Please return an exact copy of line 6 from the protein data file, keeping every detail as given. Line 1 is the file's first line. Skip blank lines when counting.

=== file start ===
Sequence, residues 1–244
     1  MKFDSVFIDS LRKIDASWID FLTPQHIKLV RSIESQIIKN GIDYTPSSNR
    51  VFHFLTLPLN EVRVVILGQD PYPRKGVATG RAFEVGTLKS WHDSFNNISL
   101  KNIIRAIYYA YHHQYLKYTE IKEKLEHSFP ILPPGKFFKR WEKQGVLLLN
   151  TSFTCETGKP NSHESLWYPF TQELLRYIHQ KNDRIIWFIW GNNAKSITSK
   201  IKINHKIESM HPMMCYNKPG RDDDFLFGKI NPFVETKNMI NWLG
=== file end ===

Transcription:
   201  IKINHKIESM HPMMCYNKPG RDDDFLFGKI NPFVETKNMI NWLG